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Feverfew has been used for reducing fever, for treating headaches, arthritis and digestive problems. However, a review of the current studies have shown feverfew to be of no better use in the control of migraines than placebos; although it did note that there were very few studies into its effects.  It is hypothesised that by inhibiting the release of serotonin and prostaglandins, both of which are believed to aid the onset of migraines, feverfew limits the inflammation of blood vessels in the head. This would, in theory, stop the blood vessel spasm which is believed to contribute to headaches. The active ingredients in feverfew include parthenolide and tanetin. Capsules or tablets of feverfew generally contain at least 205 mcg, parthenolide; however, it might take four to six weeks before they become effective, and feverfew is not a remedy for acute migraine attacks. Parthenolide has also been found recently in 2005 to induce cell death in leukemia cancer stem cells.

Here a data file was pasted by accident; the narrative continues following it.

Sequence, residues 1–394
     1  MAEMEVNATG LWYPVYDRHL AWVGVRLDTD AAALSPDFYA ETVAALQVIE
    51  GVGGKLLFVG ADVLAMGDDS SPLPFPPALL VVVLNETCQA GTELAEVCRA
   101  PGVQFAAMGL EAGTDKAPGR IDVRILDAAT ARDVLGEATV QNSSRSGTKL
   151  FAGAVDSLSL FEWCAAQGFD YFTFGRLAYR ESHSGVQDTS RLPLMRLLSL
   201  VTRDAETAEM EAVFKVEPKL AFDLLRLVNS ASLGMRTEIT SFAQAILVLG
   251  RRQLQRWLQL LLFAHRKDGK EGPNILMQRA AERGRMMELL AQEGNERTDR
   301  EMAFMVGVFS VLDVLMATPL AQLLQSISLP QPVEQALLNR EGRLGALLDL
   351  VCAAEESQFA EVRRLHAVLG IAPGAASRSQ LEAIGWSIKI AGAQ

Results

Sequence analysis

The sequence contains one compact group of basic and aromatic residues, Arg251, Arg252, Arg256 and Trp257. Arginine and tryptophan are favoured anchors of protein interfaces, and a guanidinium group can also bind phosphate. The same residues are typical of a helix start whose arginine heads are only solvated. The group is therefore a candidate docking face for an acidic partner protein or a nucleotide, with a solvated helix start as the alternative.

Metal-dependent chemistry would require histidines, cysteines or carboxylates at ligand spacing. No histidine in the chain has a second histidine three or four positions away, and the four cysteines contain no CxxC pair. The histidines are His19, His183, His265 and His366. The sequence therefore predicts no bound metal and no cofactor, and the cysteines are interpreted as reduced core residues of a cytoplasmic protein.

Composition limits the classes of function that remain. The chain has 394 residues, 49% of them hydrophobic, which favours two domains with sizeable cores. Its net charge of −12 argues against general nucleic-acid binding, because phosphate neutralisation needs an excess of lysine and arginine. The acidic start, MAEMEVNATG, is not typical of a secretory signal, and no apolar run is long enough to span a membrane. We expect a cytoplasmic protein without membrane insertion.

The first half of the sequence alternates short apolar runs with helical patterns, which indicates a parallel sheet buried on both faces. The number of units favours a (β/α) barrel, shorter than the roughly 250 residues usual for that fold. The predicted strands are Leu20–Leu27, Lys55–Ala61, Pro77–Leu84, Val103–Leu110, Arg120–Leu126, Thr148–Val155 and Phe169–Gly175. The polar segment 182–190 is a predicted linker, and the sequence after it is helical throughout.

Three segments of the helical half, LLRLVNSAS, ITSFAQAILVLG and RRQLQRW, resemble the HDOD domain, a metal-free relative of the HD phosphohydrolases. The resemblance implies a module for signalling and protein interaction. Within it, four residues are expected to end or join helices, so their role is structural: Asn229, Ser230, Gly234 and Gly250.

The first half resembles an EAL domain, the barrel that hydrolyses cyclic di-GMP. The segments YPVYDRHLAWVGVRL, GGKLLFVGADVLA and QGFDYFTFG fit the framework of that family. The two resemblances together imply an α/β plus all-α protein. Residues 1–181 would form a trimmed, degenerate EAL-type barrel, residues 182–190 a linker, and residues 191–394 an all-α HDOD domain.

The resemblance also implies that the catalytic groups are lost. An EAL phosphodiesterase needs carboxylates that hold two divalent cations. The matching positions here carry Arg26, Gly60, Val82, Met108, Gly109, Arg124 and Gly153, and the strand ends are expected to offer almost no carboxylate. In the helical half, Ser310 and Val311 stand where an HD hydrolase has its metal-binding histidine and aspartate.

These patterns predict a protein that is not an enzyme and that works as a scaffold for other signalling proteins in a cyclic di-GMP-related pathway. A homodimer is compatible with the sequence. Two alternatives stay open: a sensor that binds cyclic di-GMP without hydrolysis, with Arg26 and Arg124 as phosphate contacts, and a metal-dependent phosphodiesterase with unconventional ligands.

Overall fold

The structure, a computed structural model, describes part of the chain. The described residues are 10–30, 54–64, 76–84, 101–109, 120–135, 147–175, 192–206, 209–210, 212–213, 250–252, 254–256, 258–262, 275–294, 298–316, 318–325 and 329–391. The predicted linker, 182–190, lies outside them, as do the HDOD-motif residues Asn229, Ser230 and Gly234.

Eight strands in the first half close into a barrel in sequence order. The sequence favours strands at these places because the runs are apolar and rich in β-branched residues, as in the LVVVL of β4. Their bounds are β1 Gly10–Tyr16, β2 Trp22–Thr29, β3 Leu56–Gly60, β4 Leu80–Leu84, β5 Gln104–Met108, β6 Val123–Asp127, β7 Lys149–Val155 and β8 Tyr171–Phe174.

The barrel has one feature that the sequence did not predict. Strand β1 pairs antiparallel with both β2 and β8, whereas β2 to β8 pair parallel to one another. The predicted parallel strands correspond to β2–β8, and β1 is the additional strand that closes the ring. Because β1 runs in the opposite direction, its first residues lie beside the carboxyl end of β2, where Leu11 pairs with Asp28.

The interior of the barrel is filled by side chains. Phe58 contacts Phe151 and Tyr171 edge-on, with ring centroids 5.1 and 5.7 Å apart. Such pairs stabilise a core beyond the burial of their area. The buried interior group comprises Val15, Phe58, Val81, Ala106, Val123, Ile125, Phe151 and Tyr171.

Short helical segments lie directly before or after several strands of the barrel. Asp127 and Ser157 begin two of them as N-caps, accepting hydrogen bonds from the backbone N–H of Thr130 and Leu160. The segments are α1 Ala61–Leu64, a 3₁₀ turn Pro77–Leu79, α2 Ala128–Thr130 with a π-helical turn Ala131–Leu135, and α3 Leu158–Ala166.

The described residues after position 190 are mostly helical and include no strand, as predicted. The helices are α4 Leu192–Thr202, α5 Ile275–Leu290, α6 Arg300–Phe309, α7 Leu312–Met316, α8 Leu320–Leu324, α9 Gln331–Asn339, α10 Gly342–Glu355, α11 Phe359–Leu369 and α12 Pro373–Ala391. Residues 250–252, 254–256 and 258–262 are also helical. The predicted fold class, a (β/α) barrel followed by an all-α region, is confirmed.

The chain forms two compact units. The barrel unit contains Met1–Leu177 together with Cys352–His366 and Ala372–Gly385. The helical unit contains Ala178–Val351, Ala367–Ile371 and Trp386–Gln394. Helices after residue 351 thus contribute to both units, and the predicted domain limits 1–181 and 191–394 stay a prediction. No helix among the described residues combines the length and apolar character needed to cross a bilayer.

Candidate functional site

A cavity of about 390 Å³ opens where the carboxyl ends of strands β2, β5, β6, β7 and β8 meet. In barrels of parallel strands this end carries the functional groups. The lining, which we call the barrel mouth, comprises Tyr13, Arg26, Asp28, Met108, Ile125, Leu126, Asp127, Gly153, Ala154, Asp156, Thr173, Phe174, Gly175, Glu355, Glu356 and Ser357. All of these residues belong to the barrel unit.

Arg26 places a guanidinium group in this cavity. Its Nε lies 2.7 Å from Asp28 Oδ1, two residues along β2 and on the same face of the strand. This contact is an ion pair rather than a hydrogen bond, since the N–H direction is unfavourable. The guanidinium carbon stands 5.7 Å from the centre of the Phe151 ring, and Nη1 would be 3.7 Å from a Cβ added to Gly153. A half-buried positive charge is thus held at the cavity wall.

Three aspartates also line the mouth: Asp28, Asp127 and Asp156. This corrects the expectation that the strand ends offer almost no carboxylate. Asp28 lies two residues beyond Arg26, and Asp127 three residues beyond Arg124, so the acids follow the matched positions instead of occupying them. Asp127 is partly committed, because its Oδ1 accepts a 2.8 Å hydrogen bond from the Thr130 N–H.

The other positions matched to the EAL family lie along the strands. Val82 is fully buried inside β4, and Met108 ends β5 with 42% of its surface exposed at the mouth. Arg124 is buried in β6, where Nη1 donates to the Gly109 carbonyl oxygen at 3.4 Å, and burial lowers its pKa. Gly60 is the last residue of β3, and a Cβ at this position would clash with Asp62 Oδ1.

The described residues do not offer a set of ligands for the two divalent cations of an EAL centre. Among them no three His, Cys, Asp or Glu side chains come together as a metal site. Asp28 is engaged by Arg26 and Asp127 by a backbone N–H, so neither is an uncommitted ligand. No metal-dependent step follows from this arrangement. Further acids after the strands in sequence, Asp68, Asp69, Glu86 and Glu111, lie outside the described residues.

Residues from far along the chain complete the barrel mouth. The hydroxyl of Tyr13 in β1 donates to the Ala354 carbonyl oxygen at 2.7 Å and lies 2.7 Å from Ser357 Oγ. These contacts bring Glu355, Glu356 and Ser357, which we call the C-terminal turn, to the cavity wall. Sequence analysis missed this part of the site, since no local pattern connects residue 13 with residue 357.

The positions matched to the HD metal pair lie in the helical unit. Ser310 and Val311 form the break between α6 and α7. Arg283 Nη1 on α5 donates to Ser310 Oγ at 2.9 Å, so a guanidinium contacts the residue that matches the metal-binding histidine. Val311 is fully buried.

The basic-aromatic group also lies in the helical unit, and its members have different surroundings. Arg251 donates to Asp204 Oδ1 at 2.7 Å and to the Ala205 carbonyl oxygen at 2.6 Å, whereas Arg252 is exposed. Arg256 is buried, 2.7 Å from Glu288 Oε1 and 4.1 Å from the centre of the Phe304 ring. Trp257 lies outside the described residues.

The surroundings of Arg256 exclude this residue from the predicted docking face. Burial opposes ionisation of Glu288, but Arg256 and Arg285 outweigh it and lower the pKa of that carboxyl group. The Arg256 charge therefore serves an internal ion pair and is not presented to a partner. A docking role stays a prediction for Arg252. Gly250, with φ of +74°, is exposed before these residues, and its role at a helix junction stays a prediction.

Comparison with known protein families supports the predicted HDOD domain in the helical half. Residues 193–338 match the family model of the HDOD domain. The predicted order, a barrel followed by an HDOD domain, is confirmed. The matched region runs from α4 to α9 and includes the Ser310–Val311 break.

Recently, feverfew has been used by Aveeno skincare brand to calm red and irritated skin.
Feverfew is found around the world and in the U.S. particularly in western states such as California.
Adverse effects include: gastrointestinal distress, mouth ulcers, and antiplatelet actions.
|This article is licensed under the GNU Free Documentation License. It uses material from the Wikipedia article "Feverfew". A list of authors is available in Wikipedia.|